Table of Contents
Section 1: The Health Issue
Sudden infant death syndrome is an unexpected demise of a child between one month and one year of age that is not predictable by careful examination of the medical history. The death cannot be explained even after the death scene has been duly inspected and a forensic autopsy has been performed on the child’s body. It is most common at this stage mainly because many of the children sleep on soft surfaces with the face downwards which impairs breathing thus smothering them. Currently, in the United States, sudden infant death syndrome takes 2,500 lives annually. It is more common among the African-Americans followed by the Native Americans. The incidence is lowest among the Caucasians. Nowadays, it is not possible to accurately predict the risk of babies facing this condition despite the continued research. Since 1992, the rate of infant death syndrome has reduced by 50%, which is due to the adoption of risk reduction methods (Kinney & Bradley, 2009). The incidences of this syndrome are expected to keep reducing as research reveals possible risks and gives appropriate recommendations.
Section 2: Influences on the Health Issue
In the search for the etiology of sudden infant death syndrome, many risk factors have been determined. Mothers who have inadequate prenatal care are associated with giving birth to children with an increased risk of SIDS. Drinking, smoking, and use of many drugs during pregnancy have also been linked to a higher risk. Children born prematurely or with a low birth weight are at a higher risk than those born normally and with appropriate weight. Exposure to tobacco smoke after birth and a mother who is below the age of 20 years have also been identified as risk factors. Putting a baby to sleep on its stomach and excessive heat as a result of too much bedding and sleepwear also increase the risk of SIDS.
One of the ways to avoid this problem is putting the infant to sleep on their backs. It has the effect of preventing the possibility of the baby burying its head in the bedding material, something that has been thought to impair adequate infant breathing which results in hypoxia and death. Few infants have been reported to die from the syndrome when sleeping on their backs. Some of the places that have been contraindicated to be used as children sleeping places include couches, soft surfaces, waterbeds, sheepskins, and chairs. Caregivers should avoid putting pillows in the infant’s cot. Ensuring that the mother receives the necessary prenatal care is of great importance. The baby should receive all the immunizations needed at the certain age. To avoid overheating, one should keep the room temperature at comfortable levels even if it means removing some of the covers. The mother should ensure that she does not drink, smoke, or use unnecessary drugs during pregnancy. Some evidence suggests that regular breastfeeding by the mother significantly reduces the risk (Venneman, et al., 2009). The baby should have a crib where it sleeps alone as opposed to sleeping in the same bed with the caregiver. Additionally, the use of pacifiers when putting the baby to bed is helpful as it enables the child to keep breathing through the nose while asleep.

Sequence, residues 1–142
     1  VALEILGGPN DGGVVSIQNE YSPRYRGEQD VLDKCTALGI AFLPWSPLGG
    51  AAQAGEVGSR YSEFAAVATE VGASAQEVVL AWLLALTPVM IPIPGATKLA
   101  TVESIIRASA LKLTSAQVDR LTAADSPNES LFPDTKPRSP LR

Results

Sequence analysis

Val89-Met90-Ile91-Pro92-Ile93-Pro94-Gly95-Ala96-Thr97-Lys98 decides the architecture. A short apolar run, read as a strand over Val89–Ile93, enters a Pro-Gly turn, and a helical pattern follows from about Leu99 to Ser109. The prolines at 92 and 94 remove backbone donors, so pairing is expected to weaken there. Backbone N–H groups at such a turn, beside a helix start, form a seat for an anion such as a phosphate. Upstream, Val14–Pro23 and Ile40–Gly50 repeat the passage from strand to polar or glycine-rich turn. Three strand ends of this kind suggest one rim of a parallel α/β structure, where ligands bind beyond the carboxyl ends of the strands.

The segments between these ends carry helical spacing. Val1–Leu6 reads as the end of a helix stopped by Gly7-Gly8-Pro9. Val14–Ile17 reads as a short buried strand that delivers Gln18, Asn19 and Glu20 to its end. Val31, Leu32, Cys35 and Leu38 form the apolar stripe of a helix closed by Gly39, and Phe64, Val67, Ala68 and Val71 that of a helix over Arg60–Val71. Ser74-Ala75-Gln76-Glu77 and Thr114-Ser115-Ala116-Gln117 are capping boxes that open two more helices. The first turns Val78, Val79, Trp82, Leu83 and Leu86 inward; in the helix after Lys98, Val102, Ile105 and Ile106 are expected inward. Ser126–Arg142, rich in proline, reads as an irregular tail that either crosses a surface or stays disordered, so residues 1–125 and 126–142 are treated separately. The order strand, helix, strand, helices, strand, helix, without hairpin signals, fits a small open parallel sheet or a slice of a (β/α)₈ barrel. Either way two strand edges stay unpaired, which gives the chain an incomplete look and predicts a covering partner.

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Section 3: Efforts to Reduce or Prevent the Health Issue
The American College of Pediatrics is the leading institution studying the epidemiology of SIDS as well as the identifiable risk factors. Its aim is to find a way of preventing its occurrence since there is no possible medical intervention. Based on the risk factors proposed by the American College of Pediatrics, they formulated the most effective intervention method which they termed the Back to Sleep initiative. In this intervention strategy, the caregivers are urged to lay the infants on their backs when asleep so as to reduce the possibility of the baby having problems with breathing because of burying their heads in the bedding. The incidence of SIDS has reduced by 50 per cent since this method was recommended and adopted in 1992. It is one of the best intervention strategies in managing pediatric health problems.
Section 4: Link to Lifespan Development
Sudden infant death syndrome interrupts the lifespan development since the infants die at the early age. They never get to go through the other stages of life. If this health risk is adequately addressed, the number of babies who survive and go through the risk period of their life (from one month to one year) will be increased. However, there are still infants having other developmental problems like mental retardation or congenital abnormalities that many affect their general development. Death of a child because of SIDS is emotionally draining to the parents who may consciously avoid emotional bonding with their subsequent children for the fear that they may also die suddenly. The lack of a good emotional bond between the siblings and their parents can affect their development through childhood, adolescence, and adulthood. Feeling of guilt by the parents who think that they may have contributed to their child’s death may haunt them for a long time. This may influence how they handle children born after the incident. The parents may also have strained relationships with other members of the society because the lack of answers as to how the death occurred leaves the parent s as the suspects.
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